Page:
Marfan syndrome produces obvious physical symptoms such as extreme height, but its hidden symptoms, especially in the heart and eyes, can be much more serious. Experts discuss its diagnosis and treatment.
Hundreds of patients nationally have diseases that have confounded doctors and yielded no diagnosis and no reliable treatment. Today the Undiagnosed Diseases Network helps these patients, but its funding is uncertain beyond 2022. Patients and a physician leader of the UDN discuss the lonely plight of these patients and hopes for the future.
Scientists have come up with a test that can tell in less than an hour whether you’re sick with a virus or bacteria. Then a study finds that there are changes in the blood that can predict a pregnant woman's due date more accurately than today's obstetricians. Then, more evidence that Covid symptoms can drag on and on for months. And finally, the impact of COVID-19 may be felt on the environment for centuries to come as discarded masks and gloves have already been washing up …
Colon cancer is striking much younger people than it used to, leading experts to lower the age on screening recommendations. A noted colon surgeon discusses screening and treatment options, and the way COVID-19 has changed patients’ approach to getting screened.
The injection of nanoparticles deep into the brain can produce relief for those with chronic pain and depression. Then, diagnoses for the four most common cancers take a big jump when people hit age 65. And finally, a new study shows that narcissistic people pump themselves up only because deep down inside, they don’t believe they’re any good.
Two COVID vaccines showing a better than 90-percent effectiveness rate now have the data to seek emergency approval from the FDA. Then, a study shows that signs of concussion can be detected in a person's saliva. And finally, a new study finds that deflating soccer balls just a little could cut concussion injuries in the sport.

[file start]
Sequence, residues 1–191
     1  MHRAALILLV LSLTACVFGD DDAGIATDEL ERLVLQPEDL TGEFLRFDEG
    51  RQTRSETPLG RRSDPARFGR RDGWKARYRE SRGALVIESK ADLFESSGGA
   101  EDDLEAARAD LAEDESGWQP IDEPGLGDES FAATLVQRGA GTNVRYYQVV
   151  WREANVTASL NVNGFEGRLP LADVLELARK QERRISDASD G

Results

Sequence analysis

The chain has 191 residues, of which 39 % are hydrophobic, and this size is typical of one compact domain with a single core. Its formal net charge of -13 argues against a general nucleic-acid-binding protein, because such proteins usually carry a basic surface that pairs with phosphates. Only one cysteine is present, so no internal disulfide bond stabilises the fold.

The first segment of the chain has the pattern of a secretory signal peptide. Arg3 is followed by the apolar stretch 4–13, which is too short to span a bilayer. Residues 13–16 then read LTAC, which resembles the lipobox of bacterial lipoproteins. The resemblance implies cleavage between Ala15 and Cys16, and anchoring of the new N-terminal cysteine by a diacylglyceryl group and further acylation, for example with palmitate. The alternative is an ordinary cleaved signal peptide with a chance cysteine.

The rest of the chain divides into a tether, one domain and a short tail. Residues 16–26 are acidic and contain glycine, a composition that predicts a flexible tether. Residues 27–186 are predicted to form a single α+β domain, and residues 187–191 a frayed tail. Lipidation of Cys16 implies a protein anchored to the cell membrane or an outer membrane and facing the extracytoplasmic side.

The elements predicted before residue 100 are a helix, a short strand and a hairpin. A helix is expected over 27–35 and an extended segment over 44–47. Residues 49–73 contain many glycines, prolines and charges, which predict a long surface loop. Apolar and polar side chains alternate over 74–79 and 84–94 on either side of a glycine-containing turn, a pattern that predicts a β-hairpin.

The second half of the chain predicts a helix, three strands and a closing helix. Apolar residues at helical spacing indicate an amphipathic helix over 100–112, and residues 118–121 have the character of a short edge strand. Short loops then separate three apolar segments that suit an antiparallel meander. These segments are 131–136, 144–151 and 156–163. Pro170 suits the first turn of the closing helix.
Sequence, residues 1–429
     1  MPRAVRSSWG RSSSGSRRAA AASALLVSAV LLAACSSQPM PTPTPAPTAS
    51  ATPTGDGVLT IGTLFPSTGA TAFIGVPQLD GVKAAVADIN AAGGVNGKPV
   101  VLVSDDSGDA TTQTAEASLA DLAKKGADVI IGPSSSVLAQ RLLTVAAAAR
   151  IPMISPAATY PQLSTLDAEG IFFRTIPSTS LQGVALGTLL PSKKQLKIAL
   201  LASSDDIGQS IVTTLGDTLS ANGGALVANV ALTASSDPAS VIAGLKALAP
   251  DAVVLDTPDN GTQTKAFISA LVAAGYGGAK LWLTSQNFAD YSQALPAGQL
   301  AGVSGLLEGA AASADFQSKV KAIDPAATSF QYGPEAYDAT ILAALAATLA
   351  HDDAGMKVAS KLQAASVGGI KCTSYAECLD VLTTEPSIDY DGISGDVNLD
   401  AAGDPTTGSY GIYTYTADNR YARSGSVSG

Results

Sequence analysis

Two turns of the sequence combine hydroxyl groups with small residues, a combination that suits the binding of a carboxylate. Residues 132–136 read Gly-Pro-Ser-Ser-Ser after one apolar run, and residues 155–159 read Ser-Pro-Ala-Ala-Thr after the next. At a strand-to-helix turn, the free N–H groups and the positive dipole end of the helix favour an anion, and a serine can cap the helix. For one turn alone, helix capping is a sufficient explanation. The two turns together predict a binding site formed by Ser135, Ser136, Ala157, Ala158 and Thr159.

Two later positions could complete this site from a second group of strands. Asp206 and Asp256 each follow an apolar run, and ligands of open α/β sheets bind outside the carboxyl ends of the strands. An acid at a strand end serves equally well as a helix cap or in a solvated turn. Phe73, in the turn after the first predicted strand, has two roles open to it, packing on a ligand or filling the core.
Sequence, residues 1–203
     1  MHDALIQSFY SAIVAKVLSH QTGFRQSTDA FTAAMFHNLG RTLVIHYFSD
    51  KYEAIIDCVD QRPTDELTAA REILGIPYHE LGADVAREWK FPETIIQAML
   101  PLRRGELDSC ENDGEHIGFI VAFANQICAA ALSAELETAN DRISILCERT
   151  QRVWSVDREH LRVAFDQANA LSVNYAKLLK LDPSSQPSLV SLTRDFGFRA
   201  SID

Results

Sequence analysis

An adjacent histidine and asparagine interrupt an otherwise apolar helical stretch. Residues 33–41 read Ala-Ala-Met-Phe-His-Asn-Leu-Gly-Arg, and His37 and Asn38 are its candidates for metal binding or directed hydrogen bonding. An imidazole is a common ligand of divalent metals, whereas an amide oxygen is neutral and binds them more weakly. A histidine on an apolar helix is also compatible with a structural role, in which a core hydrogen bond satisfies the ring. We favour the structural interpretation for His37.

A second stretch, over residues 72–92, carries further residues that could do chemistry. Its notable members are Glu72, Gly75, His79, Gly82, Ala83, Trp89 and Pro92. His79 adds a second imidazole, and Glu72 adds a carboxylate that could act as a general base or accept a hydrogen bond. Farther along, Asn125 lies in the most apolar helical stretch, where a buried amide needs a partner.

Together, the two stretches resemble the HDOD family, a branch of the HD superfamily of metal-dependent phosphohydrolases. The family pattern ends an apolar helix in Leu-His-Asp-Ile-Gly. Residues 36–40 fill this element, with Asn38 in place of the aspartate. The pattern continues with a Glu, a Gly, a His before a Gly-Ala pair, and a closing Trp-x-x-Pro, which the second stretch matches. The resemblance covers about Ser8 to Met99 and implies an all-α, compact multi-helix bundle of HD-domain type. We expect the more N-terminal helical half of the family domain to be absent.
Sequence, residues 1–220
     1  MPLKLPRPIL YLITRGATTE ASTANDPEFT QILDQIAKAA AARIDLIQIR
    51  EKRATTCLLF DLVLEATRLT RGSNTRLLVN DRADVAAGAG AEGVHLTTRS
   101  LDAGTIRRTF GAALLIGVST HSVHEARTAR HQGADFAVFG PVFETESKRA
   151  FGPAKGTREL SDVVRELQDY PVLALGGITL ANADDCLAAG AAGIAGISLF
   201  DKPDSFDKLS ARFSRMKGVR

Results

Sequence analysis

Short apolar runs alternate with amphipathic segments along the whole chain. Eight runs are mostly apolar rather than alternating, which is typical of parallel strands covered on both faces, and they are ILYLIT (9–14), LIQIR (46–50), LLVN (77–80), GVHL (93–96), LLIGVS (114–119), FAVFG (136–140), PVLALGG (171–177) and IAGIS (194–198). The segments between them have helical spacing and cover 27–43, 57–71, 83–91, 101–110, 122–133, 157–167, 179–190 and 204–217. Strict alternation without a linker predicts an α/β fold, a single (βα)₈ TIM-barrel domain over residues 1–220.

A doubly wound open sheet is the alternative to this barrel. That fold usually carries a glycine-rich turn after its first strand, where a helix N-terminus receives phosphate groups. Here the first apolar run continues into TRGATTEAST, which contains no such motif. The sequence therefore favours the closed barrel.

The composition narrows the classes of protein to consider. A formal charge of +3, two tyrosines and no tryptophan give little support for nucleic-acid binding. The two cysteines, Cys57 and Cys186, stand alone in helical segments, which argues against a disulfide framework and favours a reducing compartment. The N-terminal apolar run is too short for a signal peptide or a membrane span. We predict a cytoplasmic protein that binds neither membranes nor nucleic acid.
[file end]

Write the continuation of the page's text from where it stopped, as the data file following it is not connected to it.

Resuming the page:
Scientists say they’ve come up with a simple skin test that can accurately diagnose Parkinson’s. Then, a new Covid-19 test could be coming that requires you to simply gargle with a sterile saltwater solution. Then, a study shows that a single dose of sub-anesthetic ketamine can treat lazy eye. And finally… a study that shows how smog generates plastic trash.
A searing, stabbing pain on one side of the face can be so severe it's sometimes called "the suicide disease," and may evade diagnosis. Trigeminal neuralgia is often caused by a throbbing artery in contact with nerves at the base of the brain. Treatment can be difficult though often ultimately successful. Two experts discuss.
Stuttering is an extremely misunderstood disability. Many stutterers go to great lengths to avoid the words or phrases that trip them up, and are often successful in keeping their disability hidden. Yet then it may be mistaken for other problems. Experts explain, using former Vice President Joe Biden as an example.
By now, most of us are familiar with the main symptoms of a COVID-19 infection—fever, cough, and respiratory distress. But doctors are learning that the virus may also attack the heart and brain. And finally, last year we told you about a “smart toilet seat” that could diagnose congestive heart failure. Now scientists at Stanford University have put diagnostic tools in the toilet itself.
If you’ve been taking the drug Ranitidine for reflux or ulcer prevention, the FDA says stop. Then, a new study shows that parents are yelling at their children more since most of us have been ordered to stay home. And finally, with COVID-19 testing in such short supply… why not let a dog do it?
The Institute of Medicine report “To Err Is Human” in 1999 shook health care with the finding that as many as 120,000 Americans die each year due to medical mistakes. A noted researcher re-examines how far we’ve come since then and the difficult cooperation it will take to make patient safety more certain.